About Nolan Wen
Nolan found that he could adjust the properties of hydrogels by adding small amounts of synthetic clay particles to them. Hydrogels are three-dimensional microstructures that are being investigated for potential applications in wound healing and tissue regeneration. Nolan hopes his work might help scientists to one day create organs in laboratories for implantation in humans.
Development and Characterization of a Novel Laponite-Enhanced Tannic Acid-Based HydrogelView Poster
Nolan Wen, 17, of Boynton Beach, developed a way to adjust the mechanical and adhesive properties of hydrogels for his Regeneron Science Talent Search chemistry project. Hydrogels are polymers that can absorb large amounts of water without dissolving and are being investigated for potential applications in wound healing and tissue regeneration. After conducting a literature review on an aspect of tissue engineering, which resulted in his publishing a paper in a peer-reviewed journal, Nolan decided to test materials that could be added to hydrogels to adjust their properties and microstructure to aid in these biomedical applications. He found that adding small amounts of synthetic clay nanoparticles allowed him to adjust the properties of the hydrogels as he desired. Nolan hopes his research will advance the efforts of other scientists to create entire organs in laboratories for human implantation.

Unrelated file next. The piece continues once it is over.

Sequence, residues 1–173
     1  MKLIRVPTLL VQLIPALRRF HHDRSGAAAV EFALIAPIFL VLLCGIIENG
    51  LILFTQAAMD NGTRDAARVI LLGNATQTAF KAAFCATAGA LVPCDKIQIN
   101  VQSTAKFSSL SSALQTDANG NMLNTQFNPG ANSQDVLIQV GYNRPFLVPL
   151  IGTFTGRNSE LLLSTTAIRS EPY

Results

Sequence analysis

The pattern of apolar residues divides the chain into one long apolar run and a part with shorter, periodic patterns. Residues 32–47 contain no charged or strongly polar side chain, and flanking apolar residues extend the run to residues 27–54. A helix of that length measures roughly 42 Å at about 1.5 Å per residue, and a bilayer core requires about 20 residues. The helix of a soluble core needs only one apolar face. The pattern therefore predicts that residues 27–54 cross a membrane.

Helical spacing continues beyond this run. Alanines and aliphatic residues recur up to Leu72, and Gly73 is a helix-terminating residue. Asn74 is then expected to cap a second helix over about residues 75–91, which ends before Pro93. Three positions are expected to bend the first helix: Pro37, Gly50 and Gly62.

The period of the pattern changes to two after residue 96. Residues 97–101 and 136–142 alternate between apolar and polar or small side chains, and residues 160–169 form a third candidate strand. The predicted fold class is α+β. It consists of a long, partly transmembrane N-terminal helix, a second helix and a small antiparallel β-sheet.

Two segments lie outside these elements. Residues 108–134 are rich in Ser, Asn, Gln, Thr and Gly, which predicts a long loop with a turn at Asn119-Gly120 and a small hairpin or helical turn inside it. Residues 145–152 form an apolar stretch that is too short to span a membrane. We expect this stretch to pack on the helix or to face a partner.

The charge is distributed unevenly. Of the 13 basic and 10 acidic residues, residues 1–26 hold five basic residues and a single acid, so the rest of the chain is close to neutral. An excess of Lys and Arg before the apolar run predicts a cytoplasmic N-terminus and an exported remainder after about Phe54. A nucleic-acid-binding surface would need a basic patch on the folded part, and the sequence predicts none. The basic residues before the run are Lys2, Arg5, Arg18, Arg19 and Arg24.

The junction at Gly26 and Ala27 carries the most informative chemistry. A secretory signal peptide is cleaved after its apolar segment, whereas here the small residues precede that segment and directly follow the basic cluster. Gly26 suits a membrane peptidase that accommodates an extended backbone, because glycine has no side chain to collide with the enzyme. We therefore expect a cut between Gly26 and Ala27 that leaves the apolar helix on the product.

The son of Haibo and Li Wen, Nolan attends the American Heritage School Boca-Delray, where he is vice president of the Model UN and president of the local branch of an organization that teaches rural Cambodians English remotely. He is a pianist and enjoys playing basketball, soccer and football.
Beyond the Project
Nolan tutored English in China in 2019 and continued doing so online during the COVID-19 pandemic. He has also helped raise funds to buy food for his Chinese primary school students.
FUN FACTS: Nolan describes himself as a future oral surgeon. Last summer, he was elated to be able to watch dental surgeries in person while shadowing two dentists for two weeks.